“Nuclear Watch’s driving question, according to Scott Kovac, its operations and research director, concerned a specific pattern of contamination: Had plutonium migrated from LANL dump sites into regional groundwater? The answer, Kovac believes, is yes.”

searchlightnm.org

For years, the public had no clear picture of Los Alamos National Laboratory’s plutonium footprint. Had the ubiquitous plutonium at LANL infiltrated the soil? The water? Had it migrated outside the boundary of the laboratory itself?

A series of maps published by Nuclear Watch New Mexico are beginning to answer these questions and chart the troubling extent of plutonium on the hill. One map is included below, while an interactive version appears on Nuclear Watch New Mexico’s website. The raw data for both comes from Intellus New Mexico, a publicly accessible clearinghouse of some 16 million environmental monitoring records offered in recent decades by LANL, the New Mexico Environment Department and the Department of Energy.

Approximately 58,100 red dots populate each map at 12,730 locations, marking a constellation of points where plutonium — a radioactive element used in nuclear weapons — was found in the groundwater, surface water or soil. What’s alarming is just how far that contamination extends, from Bandelier National Monument to the east and the Santa Fe National Forest to the north, to San Ildefonso tribal lands in the west and the Rio Grande River and Santa Fe County, to the south.

The points, altogether, tell a story about the porous boundary between LANL and its surrounds. So pervasive is the lab’s footprint that plutonium can be found in both trace and notable amounts along hiking trails, near a nursing home, in parks, along major thoroughfares and in the Rio Grande.

Gauging whether or not the levels of plutonium are a health risk is challenging: Many physicians and advocates say no dose of radiation is safe. But when questions about risk arise, one of the few points of reference is the standard used at Rocky Flats in Colorado, where the maximum allowable amount of plutonium in remediated soil was 50 picocuries per gram. Many sites on the Nuclear Watch map have readings below this amount. Colorado’s construction standard, by contrast, is 0.9 picocuries per gram.

Watchdog group says LANL data shows widespread plutonium migration

“[NukeWatch] argued [their] plutonium migration map provides “compelling evidence of the need for a comprehensive cleanup” at the lab. The Department of Energy instead has proposed a plan to “cap and cover” 190,000 cubic yards of waste in unlined pits and trenches, at an estimated cost of $12 million.

Many local organizations and community leaders, including the Santa Fe County Commission, have opposed the plan, and the New Mexico Environment Department issued a draft order in September calling for a full cleanup — at a cost of about $800 million.”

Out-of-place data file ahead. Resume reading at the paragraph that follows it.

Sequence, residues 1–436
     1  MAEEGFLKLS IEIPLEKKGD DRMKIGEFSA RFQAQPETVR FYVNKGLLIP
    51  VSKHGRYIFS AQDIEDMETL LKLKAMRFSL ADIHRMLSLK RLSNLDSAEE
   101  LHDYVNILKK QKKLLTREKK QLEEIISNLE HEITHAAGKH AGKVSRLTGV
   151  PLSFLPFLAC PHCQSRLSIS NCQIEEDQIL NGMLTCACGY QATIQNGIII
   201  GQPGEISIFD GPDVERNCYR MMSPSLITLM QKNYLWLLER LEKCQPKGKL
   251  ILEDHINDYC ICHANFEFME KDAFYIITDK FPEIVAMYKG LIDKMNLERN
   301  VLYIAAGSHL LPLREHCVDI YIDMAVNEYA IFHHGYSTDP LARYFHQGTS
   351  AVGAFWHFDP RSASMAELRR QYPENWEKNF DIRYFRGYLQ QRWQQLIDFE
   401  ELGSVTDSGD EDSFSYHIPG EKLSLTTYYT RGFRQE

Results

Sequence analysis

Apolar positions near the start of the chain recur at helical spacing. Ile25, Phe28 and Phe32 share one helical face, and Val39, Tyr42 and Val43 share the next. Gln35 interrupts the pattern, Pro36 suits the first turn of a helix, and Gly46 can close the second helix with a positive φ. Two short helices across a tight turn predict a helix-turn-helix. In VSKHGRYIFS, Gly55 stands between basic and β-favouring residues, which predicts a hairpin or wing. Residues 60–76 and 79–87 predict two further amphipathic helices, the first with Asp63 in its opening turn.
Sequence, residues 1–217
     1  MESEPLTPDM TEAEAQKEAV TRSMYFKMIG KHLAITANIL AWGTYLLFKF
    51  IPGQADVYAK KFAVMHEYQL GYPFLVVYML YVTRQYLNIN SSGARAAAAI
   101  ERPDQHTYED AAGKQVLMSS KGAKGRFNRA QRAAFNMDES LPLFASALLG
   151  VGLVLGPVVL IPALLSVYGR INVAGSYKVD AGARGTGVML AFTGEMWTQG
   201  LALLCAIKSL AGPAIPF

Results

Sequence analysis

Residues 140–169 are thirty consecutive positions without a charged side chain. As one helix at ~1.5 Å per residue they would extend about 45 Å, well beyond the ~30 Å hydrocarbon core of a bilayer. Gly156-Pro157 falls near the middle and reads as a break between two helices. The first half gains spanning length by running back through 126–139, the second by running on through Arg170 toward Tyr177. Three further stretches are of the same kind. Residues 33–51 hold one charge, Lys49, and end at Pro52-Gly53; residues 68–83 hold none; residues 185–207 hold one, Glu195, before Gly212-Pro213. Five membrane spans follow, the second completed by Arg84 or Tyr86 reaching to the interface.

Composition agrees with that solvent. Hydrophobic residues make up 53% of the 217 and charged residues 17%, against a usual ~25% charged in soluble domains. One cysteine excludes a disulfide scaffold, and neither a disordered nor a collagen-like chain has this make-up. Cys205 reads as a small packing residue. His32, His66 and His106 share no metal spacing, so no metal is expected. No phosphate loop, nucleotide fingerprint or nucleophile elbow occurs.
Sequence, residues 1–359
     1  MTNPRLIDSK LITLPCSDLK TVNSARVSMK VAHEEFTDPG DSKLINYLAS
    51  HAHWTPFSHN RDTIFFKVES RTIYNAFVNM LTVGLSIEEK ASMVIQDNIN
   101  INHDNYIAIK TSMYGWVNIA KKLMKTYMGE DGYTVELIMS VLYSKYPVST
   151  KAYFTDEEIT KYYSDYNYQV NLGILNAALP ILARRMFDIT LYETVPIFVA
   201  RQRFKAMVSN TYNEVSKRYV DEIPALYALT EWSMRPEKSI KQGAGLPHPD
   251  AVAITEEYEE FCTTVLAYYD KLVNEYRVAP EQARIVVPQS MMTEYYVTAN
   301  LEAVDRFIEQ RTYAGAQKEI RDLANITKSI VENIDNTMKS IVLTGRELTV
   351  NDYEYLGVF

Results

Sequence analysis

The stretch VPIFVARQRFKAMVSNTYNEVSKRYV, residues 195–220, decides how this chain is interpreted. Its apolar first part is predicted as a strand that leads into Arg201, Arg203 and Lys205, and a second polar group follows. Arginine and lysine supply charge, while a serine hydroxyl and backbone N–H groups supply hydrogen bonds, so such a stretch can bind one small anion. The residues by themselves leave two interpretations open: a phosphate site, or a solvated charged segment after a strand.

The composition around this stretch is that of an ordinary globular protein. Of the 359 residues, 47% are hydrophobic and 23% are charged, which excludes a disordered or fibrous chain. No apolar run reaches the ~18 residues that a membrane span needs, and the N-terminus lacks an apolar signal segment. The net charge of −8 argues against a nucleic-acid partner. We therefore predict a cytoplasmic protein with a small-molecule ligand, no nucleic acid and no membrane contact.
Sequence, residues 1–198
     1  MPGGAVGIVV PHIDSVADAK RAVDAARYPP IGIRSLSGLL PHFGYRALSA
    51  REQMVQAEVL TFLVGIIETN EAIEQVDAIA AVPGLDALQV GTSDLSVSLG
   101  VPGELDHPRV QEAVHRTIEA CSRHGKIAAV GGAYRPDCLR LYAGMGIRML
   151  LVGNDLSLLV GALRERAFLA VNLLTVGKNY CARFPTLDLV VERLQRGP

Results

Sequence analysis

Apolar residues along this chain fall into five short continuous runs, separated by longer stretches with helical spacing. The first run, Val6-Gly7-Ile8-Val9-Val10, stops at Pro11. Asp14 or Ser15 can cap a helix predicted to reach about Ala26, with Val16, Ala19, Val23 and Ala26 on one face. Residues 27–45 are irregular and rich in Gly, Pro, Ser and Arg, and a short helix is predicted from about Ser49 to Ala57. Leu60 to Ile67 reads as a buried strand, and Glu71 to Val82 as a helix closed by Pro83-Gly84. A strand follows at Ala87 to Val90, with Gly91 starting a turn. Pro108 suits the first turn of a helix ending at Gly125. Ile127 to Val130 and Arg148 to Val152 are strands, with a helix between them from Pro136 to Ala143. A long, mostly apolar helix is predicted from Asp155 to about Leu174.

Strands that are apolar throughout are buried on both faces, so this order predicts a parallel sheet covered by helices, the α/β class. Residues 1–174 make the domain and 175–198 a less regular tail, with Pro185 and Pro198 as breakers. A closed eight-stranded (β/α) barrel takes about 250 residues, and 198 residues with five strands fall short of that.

santafenewmexican.com

LOS ALAMOS NATIONAL LABORATORY
Plutonium migration
Nuclear Watch New Mexico says it has created an interactive map showing plutonium migration from Los Alamos National Laboratory based on the lab’s database of environmental sampling. The map of 58,100 sampling sites, including 17,483 where the element was detected, shows trace amounts of the radioactive element as far away as Cochiti Lake, the group says.

Trace amounts of plutonium from decades of weapons work at Los Alamos National Laboratory have contaminated the Rio Grande at least as far as Cochiti Lake and could be in the regional aquifer that serves a large population of New Mexicans, a nuclear watchdog says.

“That’s been long known,” Nuclear Watch New Mexico Director Jay Coghlan said in a virtual briefing Thursday morning, when the organization unveiled a map of plutonium migration it said was created with LANL’s own data.

“Nevertheless, it’s not generally known by the New Mexican public,” Coghlan said. “What is ‘new news’ is publicly calling that out.”

Nuclear Watch used what it called the lab’s publicly accessible but cumbersome environmental database, Intellus New Mexico, to map 58,100 spots where the lab collected samples between 1992 and 2023, including 17,483 labeled as plutonium “detects.” The interactive map shows the date each sample was collected and the level of plutonium detected, with two “detects” cited in Cochiti Lake, dozens in the Rio Grande east of Los Alamos and thousands around the lab.

Groups Fire Back at Feds’ Move to Dismiss Plutonium Pit Lawsuit

NNSA Delays Urgent Research on Plutonium “Pit” Aging While Spending Tens of Billions on Nuclear Weapons Bomb Core Production

FOR IMMEDIATE RELEASE, April 17, 2024
Tom Clements, SRS Watch – 803.240.7268 | Email
Scott Yundt, TVC – 415.990.2070 | Email
Jay Coghlan – 505.989.7342 | Email